Well it's not just a wicked pleasure anymore. Gossip's actually good for you! The Canadian magazine Chantelaine says research shows that two-thirds of human conversation is a form of gossip. But only five percent is the malicious kind you really shouldn't do. In fact, proper gossip is helpful for all kinds of reasons, from helping us figure out acceptable behavior to spreading information. But there's a difference between 'good' gossipers and 'bad' ones. Here's the scoop:
- The first type is the Good-News Gossip: They want to be first to spill the word on the latest pregnancy or engagement. But if there's a Good-Newser who's always spoiling your surprises, be sure they're the last to know, not the first!
- The second type of gossip is The Exaggerator. They imply things that may - or may not - be true. They say things like: "Did you see Sheila's new ring? Her husband bought it after his out-of-town business trip. And you know what that means!" But actually, you don't! Bottom line: Eventually, people stop listening to everything exaggerators say.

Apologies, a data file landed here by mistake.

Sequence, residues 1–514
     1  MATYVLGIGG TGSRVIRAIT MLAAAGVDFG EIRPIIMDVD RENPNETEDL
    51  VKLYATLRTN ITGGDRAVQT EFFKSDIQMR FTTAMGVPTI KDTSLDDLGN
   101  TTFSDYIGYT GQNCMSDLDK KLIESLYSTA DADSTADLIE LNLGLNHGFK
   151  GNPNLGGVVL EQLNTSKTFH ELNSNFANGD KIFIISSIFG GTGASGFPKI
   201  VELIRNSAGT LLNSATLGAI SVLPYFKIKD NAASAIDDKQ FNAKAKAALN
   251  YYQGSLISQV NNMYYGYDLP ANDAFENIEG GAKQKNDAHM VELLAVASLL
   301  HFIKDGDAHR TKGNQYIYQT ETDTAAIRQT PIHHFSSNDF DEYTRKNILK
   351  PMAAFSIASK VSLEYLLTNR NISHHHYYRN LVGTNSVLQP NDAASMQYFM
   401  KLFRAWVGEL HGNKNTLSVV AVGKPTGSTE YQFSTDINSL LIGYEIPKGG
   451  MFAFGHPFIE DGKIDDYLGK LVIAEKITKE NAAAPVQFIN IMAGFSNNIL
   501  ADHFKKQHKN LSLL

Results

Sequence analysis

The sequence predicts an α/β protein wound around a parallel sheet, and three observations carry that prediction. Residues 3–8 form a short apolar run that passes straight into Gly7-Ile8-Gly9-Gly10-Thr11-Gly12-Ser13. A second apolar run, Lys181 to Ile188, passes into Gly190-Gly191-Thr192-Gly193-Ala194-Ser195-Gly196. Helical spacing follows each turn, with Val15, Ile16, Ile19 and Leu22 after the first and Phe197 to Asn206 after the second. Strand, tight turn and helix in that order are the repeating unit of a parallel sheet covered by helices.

- Then there's the Family Grapeviner. They love to rehash the family gossip over and over again. It can cause some tense moments if it gets out of control. But the good thing is Grapeviners know what's going on in the family and often have crucial information at critical times. If you're the victim of the family judge, you'd better be straightforward and tell them how you feel.
- The final two gossips are: the Chatty Co-Worker and the Town Crier the busybodies who never shut up. So, how can you handle them? Don't give them any information, unless you want it broadcast to the world!